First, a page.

The rest of the path zigzags up an incline towards the Falls of Moness where visitors will catch sight of the highest section of the waterfall. Following the path will then take you to the midpoint of the walk which is a wooden footbridge crossing the falls.

The roaring white water makes for a memorable photograph, and looking ahead you’ll get some extraordinary views over the Strathtay conservation area.

The remainder of the walk doubles back on itself, only this time you’ll be on the opposite side of the gorge. Because this half of the path is on a much higher ravine you’ll see beautiful views across the Perthshire countryside, and on a clear day, you’ll even be able to see the rising peaks of Ben Vrackie in the distance.

Birks of Aberfeldy

Robert Burn’s Poem: The Birks of Aberfeldy

Chorus: Bonie lassie, will ye go? Will ye go, will ye go, Bonie Lassie, will ye go to the birks of Aberfeldy? Now Simmer blinks on flowery braes, And o’er the crystal streamlets play. Come, let us spend the lightsome days in the birks of Aberfeldy. (Chorus) While o’er their heads the hazels hing, The little birds blythely sing. Or lightly flit on wanton wing, in the birks of Aberfeldy. (Chorus) The braes ascend like lofty wa’s, the foaming stream deep-roaring fa’s, O’erhung wi’ fragrant spreading shaws—the birks of Aberfeldy. (Chorus) The hoary cliffs are crown’d wi’ flowers, White o’er the linns the burnie pours, And rising, weets wi’ misty showers The Birks of Aberfeldy. (Chorus) Let Fortune’s gifts at randoe flee, They ne’er shall draw a wish frae me; Supremely blest wi’ love and thee, in the birks of Aberfeldy.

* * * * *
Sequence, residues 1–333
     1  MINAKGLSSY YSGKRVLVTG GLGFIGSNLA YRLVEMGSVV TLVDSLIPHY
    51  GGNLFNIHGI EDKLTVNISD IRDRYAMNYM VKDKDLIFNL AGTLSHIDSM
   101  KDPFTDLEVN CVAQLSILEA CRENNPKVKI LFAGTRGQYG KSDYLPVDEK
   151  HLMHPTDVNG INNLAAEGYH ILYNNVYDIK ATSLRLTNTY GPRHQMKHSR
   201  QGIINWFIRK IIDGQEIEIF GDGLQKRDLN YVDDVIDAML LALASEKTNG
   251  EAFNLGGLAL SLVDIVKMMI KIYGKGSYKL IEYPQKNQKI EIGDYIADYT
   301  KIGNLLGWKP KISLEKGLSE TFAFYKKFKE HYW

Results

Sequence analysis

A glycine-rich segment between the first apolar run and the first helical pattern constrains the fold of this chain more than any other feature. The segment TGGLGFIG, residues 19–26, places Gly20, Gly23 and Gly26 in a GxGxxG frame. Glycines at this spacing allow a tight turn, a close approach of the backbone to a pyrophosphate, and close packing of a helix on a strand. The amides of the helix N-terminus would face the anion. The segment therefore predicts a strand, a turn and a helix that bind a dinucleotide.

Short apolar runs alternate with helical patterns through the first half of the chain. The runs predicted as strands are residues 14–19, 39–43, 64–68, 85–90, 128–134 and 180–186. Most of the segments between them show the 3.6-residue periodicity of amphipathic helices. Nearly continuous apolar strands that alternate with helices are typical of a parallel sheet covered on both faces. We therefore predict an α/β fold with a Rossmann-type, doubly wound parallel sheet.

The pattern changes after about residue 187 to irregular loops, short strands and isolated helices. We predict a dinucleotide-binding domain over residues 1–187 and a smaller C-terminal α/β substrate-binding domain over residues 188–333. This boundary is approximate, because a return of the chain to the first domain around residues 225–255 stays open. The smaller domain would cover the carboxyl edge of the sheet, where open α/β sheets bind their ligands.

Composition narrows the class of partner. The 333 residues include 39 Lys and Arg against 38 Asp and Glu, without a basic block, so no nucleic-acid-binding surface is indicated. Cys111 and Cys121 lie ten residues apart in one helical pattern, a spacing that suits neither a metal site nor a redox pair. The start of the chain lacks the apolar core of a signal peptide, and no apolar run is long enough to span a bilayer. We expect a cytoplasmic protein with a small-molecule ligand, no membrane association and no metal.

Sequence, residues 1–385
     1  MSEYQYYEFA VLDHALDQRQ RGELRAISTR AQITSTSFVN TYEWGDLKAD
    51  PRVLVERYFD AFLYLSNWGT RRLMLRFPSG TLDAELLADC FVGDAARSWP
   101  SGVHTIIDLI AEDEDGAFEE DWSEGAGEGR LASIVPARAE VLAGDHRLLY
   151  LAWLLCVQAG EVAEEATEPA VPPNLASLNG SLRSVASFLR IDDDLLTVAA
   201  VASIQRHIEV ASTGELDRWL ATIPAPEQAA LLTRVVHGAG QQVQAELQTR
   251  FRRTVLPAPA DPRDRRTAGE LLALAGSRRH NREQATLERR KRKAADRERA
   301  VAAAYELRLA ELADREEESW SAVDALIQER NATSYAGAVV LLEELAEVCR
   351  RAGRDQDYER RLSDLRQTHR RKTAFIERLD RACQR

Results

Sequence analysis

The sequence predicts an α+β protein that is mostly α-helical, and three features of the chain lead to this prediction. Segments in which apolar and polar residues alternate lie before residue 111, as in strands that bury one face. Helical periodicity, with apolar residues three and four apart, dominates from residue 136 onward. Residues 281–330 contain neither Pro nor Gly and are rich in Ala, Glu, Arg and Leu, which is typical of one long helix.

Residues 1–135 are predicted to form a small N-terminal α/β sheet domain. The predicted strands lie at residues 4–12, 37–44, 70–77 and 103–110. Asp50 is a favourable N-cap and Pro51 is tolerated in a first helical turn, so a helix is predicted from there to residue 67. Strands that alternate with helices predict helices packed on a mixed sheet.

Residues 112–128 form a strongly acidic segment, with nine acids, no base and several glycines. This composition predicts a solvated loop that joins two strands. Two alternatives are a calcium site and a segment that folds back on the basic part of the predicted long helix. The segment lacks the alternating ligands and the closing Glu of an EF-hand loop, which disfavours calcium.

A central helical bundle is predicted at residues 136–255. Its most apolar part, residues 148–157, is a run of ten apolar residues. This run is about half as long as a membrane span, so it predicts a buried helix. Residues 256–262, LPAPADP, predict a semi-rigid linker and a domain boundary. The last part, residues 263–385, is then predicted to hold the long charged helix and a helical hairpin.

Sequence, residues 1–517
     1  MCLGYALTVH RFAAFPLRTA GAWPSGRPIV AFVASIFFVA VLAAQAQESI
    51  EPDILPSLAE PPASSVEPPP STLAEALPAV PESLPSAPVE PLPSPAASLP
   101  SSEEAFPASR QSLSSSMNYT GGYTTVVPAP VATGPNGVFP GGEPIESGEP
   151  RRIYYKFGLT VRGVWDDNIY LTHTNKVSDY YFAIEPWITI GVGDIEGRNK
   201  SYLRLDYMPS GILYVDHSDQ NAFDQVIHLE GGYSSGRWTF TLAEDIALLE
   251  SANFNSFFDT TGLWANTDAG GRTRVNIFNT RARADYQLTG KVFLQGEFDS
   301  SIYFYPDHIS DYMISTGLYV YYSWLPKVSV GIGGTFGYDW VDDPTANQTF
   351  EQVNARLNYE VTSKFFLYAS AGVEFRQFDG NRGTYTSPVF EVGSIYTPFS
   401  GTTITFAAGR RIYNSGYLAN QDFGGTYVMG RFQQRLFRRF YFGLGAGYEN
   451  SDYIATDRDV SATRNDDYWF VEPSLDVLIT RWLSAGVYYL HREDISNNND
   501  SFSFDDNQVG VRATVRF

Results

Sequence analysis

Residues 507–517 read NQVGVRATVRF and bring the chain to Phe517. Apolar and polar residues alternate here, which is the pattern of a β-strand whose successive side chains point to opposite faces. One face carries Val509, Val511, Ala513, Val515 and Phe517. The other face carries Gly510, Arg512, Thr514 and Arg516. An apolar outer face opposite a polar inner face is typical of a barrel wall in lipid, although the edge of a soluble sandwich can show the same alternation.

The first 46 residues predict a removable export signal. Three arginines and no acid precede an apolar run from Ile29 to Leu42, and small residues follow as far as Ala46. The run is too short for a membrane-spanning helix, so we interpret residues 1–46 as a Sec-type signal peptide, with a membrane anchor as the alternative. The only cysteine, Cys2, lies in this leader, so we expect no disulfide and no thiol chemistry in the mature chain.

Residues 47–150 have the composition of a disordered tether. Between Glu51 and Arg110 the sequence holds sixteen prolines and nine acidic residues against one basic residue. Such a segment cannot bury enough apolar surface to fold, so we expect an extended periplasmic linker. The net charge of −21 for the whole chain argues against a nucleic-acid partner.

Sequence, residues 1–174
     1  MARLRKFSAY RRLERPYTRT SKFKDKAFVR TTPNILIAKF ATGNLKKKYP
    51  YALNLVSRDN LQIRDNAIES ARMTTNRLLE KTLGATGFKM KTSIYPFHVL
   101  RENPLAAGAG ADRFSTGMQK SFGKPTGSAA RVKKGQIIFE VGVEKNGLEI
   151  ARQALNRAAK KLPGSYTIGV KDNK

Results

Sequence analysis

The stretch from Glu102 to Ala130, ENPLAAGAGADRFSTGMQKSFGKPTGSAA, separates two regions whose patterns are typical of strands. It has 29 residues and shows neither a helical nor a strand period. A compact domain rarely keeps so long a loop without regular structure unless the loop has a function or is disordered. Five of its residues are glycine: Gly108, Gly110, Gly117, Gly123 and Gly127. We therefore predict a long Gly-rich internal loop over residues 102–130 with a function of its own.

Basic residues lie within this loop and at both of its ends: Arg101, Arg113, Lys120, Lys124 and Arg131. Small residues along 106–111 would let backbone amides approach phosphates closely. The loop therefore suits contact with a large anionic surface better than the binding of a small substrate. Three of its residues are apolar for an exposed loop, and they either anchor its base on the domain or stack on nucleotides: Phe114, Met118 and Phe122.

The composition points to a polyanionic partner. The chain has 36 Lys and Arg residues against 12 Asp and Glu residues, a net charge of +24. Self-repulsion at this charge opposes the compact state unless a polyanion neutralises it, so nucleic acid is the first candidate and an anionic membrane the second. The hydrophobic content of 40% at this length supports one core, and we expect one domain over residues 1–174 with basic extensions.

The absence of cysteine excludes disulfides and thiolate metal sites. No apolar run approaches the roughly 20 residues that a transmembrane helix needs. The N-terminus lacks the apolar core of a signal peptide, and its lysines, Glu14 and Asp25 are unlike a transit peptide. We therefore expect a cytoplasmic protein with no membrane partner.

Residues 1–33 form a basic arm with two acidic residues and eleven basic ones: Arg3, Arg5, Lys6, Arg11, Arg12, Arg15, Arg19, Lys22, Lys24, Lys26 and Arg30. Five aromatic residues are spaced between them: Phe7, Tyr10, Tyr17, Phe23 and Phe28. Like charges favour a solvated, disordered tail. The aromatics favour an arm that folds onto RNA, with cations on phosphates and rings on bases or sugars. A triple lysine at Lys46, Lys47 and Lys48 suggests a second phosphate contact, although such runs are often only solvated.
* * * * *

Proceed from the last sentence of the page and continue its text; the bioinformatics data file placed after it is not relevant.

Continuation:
Things to Do

Hiking the Birks of Aberfeldy: This lovely circular walk leads you through the gorge of the Moness Burn, revealing stunning views of cascading waterfalls. Suitable for all fitness levels, the trail allows you to immerse yourself in the forest with the potential of spotting wildlife such as red squirrels and birds of prey.

Visit the Robert Burns Monument: Along the trail, you’ll come across a monument honouring Robert Burns, who drew inspiration from the surrounding area to write the poem “The Birks of Aberfeldy.” This historic spot is a must-see for literature and history enthusiasts.

Photography at the Falls: With the crystal-clear waters cascading over ancient rocks surrounded by lush green foliage, the falls provide a perfect backdrop for photography. Be it landscape, nature, or portrait photography, the Birks of Aberfeldy will not disappoint.

Picnicking by the Moness Burn: There are plenty of picturesque spots to lay down a blanket and enjoy a picnic. Listen to the babbling burn, enjoy the peaceful scenery, and relish in the peace and quiet.